Photo: WFP/Marco Frattini

March 2017

WFP says Yemen is in a "race against time" to prevent famine.

March 2015

The civil war begins in Yemen, pitting the government against Houthi rebels.

Photo: WFP/Ahmed Basha

The U.N. World Food Programme is scaling up to feed over 40% of Yemen’s people each month. People like Domoaa, Amani and Maika.

Square photograph of Domoaa Detailed photograph of Domoaa
Photo: WFP/Hayat Al Sharif

Domoaa

Domoaa means 'tears' in Arabic. "I cry every day for the pain and suffering we go through just to get food," her mother says.

Read Domoaa's story +
Detailed photograph of Amani
Photo: WFP/Mohammed Awadh

Amani

Two-year-old Amani was carried to a WFP feeding center by her 10-year-old brother. More than 2 million Yemeni children require treatment for acute malnutrition.

Read Amani's story +
Detailed photograph of Maika
Photo: WFP

Maika

Maika Alaslemy is the head nurse at a health center in Yemen and works around the clock to save children from starvation. “Hunger doesn’t differentiate between children,” she says. “We work out of our obligation to save lives and preserve the future of Yemen.”

Read Maika's story +

Scaling Up

The U.N. World Food Programme uses smart, innovative solutions to reach and feed Yemeni families in need. These innovations include ships, mobile cranes, e-cards and mVAM.

Photo: WFP/Fares Khoailed
Ships

WFP is the only U.N. agency with its own shipping unit, delivering food assistance through the Red Sea and into strategic Yemeni ports. Dedicated staff negotiate shipping lines and navigate tricky routes to keep cargo safe. A single ship can carry 25,000 tons of wheat, enough to feed 2 million people for a month.

Photo: WFP/Fares Khoailed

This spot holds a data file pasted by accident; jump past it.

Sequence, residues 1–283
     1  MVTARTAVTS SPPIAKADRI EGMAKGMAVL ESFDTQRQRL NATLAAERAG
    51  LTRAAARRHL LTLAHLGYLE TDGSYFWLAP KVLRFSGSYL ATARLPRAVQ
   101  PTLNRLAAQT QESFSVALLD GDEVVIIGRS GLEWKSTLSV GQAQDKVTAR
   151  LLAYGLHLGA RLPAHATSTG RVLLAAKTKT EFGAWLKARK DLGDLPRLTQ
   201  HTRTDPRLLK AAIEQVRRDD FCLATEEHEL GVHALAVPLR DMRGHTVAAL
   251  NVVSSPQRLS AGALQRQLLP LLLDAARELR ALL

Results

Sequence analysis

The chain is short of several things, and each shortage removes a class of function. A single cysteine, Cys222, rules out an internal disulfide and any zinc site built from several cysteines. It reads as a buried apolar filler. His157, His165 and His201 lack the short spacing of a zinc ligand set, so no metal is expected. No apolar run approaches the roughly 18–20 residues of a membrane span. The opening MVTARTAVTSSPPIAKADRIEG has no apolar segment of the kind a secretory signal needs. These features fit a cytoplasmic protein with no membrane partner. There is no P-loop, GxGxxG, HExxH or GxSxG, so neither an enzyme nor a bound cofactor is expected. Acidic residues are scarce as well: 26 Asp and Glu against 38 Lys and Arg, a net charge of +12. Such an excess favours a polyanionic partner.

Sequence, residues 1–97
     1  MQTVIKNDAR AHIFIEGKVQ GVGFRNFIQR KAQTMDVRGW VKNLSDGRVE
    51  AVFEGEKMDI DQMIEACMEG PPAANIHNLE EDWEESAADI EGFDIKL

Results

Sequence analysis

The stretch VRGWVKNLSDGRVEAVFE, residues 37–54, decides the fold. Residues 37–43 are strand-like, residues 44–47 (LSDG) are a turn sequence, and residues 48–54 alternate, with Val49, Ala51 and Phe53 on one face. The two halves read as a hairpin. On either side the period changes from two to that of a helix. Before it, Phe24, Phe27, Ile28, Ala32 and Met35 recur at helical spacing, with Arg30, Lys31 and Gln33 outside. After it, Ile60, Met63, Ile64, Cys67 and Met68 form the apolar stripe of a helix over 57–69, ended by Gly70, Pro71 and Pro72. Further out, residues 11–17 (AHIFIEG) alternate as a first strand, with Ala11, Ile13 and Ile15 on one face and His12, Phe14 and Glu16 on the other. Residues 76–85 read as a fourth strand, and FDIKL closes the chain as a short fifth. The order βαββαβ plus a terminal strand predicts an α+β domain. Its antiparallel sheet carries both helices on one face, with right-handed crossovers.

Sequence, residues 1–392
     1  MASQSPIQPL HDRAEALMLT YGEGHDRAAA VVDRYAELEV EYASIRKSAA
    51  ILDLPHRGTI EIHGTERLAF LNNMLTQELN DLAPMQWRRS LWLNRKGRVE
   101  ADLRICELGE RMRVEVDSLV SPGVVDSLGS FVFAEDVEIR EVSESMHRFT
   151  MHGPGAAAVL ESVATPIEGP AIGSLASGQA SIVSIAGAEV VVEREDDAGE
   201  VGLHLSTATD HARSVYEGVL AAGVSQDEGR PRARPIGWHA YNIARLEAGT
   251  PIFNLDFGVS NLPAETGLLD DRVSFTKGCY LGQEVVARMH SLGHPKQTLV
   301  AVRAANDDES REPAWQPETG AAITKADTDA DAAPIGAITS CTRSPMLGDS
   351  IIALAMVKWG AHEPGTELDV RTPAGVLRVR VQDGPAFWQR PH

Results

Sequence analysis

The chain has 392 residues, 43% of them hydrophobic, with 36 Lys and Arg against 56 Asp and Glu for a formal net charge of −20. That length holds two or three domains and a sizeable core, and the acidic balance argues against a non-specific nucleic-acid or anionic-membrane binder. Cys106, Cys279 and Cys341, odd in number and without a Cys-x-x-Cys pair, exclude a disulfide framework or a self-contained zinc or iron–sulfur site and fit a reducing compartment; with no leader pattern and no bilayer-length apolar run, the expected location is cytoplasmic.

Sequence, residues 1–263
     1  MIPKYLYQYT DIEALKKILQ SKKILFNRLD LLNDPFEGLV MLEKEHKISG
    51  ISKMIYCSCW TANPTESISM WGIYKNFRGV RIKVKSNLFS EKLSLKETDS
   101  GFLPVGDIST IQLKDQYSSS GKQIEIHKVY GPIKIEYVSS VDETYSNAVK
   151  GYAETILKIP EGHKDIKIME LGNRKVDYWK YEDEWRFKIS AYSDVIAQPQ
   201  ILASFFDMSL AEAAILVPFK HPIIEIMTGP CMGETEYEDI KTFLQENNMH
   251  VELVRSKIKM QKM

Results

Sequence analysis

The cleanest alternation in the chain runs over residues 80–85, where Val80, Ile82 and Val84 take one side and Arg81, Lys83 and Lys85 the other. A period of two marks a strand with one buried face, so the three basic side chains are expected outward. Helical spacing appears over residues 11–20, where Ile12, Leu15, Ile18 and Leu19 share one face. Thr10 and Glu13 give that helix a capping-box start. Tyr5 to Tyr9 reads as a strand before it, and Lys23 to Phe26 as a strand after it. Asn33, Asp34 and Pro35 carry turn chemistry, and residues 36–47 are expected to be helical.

Mobile cranes

Mobile cranes boost the capacity of the Yemeni port of Hodeidah, which handles 70 percent of the country’s imports. This lifeline for families includes critically-needed food and humanitarian supplies. The cranes significantly increase the speed of unloading humanitarian cargo and other relief items.

Vouchers & eCards

When local markets are functioning and food is available, but unaffordable, food vouchers give Yemenis the power to purchase food on their own terms. They can be used at WFP food shops to buy fresh produce, fish and meat. E-cards work like debit cards, helping to stimulate the local economy and support local producers.

Photo: WFP/Jean-Martin Bauer
mVAM

In countries around the world and in Yemen, the mobile Vulnerability Analysis and Mapping (mVAM) unit equips families with mobile phones so they can share information with WFP about their needs. Families call a hotline and WFP uses the information it collects to better plan assistance and track changes in food prices.

Stories from Yemen

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A new report hammers home the need for billions of dollars in investment to keep hunger from deepening its tentacles further into vulnerable locations across the world.